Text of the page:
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Watch our End of Year Review For free…

As you might know, we had to cancel our live event due to Omicron but we did a streaming version instead. We are very grateful to all the people who gave a donation to watch the live version. Our Christmas gift to you is you can now watch our End of Year Review for free! If you like what we do, please consider buying Slugger a Christmas drink. Give us the price of a pint or even a round. Or …

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Do politicians really need to be on social media?

social media, interaction, woman

One of the party leaders once said to me ‘I f*cking hate Twitter’ and I found it hard to disagree with them, given the abuse politicians get online. I have had a Twitter account for 13 years and I deliberately say practically nothing on it. I have also managed to avoid putting a single photo on my Instagram account. When you see what some politicians have to go through you really do wonder if it’s all worth the hassle. You …

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They say variety is the spice of life, but has anybody told commercial radio executives?

There is a conventional wisdom in commercial radio that you should play what the listeners like, and lots of it.  This sounds eminently sensible. The problem is that this conventional wisdom is taken to extremes, specifically that what listeners apparently like is the same songs over and over again. A spot of background. Every commercial radio station has a playlist.  Songs that station management want to be played several times a day to promote, combined with a computer that would …

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The Year ’21 Podcast Journey 

During this year’s C. S. Lewis Festival in November, EastSide Partnership held an event to mark and celebrate the extraordinary achievement of the BBC’s Year ’21 podcast. The 50th – and final – episode airs today. Year ’21 reconstructs the events of 1921, week by week, using ordinary people’s stories, archival research and insights from expert historians. It explores the year of Northern Ireland’s formation in surprising and original ways. Approaching 500,000 downloads so far, Year ’21 has already been …

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‘If you’re sympathetic to the weak, it’s activist journalism. If you’re sympathetic to the powerful, it’s objective journalism.’

social media, social, marketing

An interesting article over at Media Lens – Gaslighting The Public: Serial Deceptions By The State-Corporate Media. It is quite a long post but sure what else would you be doing on a Sunday? The basic argument is that it accuses the state and main media companies of being unquestioning mouthpieces for the state and big business. Not asking enough hard questions and being cheerleaders for war. None of this is new but it does bring together some interesting examples. …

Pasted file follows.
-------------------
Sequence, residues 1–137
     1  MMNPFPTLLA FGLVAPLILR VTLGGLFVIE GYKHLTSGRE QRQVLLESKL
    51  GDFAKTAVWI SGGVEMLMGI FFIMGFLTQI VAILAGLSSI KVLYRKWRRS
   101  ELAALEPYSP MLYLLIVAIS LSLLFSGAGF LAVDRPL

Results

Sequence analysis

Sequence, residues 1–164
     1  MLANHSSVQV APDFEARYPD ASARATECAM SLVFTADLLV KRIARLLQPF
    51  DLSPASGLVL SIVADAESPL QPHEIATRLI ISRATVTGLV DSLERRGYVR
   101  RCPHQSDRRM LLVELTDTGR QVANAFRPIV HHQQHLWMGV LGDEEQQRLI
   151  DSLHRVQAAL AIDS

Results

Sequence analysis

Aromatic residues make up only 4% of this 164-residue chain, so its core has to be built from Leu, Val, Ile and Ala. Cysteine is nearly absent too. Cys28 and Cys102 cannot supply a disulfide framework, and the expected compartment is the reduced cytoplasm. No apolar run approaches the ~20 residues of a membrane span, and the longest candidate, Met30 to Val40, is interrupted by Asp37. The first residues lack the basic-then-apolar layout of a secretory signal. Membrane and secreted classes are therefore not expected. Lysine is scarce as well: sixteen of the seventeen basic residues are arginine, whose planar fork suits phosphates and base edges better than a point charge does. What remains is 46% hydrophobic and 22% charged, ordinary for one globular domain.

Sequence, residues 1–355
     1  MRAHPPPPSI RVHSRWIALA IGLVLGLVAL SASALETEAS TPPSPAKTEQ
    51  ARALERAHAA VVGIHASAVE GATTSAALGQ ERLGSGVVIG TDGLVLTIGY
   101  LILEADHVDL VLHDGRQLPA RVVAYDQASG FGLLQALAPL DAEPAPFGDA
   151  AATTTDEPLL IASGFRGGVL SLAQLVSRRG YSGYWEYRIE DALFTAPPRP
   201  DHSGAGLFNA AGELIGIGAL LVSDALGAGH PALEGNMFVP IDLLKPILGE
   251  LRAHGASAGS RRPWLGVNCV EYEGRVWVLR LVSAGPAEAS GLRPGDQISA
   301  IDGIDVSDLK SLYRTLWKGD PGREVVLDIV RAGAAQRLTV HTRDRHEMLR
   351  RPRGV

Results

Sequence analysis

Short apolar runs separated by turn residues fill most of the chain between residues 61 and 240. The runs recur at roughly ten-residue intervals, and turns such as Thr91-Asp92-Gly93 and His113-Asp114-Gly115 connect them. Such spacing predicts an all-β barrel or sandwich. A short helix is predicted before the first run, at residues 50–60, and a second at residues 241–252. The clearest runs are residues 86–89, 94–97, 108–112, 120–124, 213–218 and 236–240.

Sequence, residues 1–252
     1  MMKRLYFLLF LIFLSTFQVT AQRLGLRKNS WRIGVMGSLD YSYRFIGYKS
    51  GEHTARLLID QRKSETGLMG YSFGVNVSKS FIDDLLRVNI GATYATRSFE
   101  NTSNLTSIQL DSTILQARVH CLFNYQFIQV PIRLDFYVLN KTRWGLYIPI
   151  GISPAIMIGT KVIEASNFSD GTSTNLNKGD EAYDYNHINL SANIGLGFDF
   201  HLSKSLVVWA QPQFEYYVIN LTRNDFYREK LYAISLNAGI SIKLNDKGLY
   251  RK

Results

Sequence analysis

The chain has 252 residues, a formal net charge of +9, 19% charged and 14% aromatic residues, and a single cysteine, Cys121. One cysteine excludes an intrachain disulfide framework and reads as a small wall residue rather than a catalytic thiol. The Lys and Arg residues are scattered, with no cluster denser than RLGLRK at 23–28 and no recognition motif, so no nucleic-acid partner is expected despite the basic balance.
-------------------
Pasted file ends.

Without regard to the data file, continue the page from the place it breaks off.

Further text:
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The Service of Reflection & Hope: An opportunity for the Church Leaders?

Unless you’re an avid reader of the ‘Presbyterian Notes’, a bi-weekly feature on a back page of the weekend edition of the Irish Times, you probably missed it. Yesterday this brief little column, which isn’t even included in digital editions of the paper, printed an extract from an address given last week by the Moderator, Rev David Bruce. Bruce was speaking at an event marking the part played by Union Theological College in hosting the parliament of Northern Ireland 100 …

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The media’s role in peacebuilding: none of its business?

So is peacebuilding none of the media’s business? That was a conclusion that broadcaster and journalist, Declan Harvey, posed to a panel of fellow journalists and writers at an online webinar delivered through Belfast City Council’s PEACE IV Programme, which is funded through the EU and managed by the Special EU Programmes Body. Panellists Alex Kane, Amanda Ferguson, and Leona O’Neill shared their perspectives and experiences of reporting in Northern Ireland, answering questions from Declan Harvey and those submitted by …

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Can Citizens’ Assemblies help us?

In all the dozens of podcast interviews broadcast by the Holywell Trust, one idea to strengthen our society has been put forward repeatedly – citizens’ assemblies. They are not universally popular – both DUP and Conservative Party politicians have expressed concerns they would undermine the link between elected representatives and their constituents, threatening politicians’ legitimacy.  But the experience of Ireland’s citizens’ assemblies has inspired many. Assemblies provided routes to resolving politically challenging issues: same sex marriage, abortion, climate change and, now, gender inequality. And in …

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From Belfast to Beirut: an appreciation of Robert Fisk

“My editor at The Times had safely received the whole report and duly printed it all except for one paragraph which recorded how Gavin (Hewitt) and I came across a tribesman outside Jalalabad standing on a box and sodomising a camel. This was a bit too much for Times readers he felt.” Such is the life of a foreign correspondent. Robert Fisk reported from the Middle East for 40 years during which time he earned a reputation as one of …